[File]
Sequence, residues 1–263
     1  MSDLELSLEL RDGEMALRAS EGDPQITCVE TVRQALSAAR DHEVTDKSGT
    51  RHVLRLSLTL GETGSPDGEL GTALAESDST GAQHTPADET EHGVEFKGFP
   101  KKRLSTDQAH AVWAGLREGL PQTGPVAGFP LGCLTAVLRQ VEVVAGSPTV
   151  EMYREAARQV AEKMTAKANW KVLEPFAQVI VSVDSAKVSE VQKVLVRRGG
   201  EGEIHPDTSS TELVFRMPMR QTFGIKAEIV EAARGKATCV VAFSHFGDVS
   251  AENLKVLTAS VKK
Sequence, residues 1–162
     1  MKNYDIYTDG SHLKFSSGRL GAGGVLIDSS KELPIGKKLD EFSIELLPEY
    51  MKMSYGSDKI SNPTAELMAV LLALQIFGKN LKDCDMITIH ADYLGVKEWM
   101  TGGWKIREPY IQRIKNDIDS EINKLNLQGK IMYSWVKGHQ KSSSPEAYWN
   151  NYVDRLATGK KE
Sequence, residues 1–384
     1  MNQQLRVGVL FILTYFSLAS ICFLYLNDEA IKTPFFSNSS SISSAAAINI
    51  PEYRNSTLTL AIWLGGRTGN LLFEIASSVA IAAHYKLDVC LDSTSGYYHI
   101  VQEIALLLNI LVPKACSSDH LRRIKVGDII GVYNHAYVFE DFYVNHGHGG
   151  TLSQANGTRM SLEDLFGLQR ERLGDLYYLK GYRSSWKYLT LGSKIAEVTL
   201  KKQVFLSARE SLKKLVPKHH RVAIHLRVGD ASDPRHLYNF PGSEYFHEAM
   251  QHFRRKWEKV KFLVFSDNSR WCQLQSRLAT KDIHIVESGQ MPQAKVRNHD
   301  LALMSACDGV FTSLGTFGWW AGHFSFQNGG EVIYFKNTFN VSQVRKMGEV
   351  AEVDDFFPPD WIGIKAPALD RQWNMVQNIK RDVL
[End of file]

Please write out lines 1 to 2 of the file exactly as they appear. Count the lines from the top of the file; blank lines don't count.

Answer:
Sequence, residues 1–263
     1  MSDLELSLEL RDGEMALRAS EGDPQITCVE TVRQALSAAR DHEVTDKSGT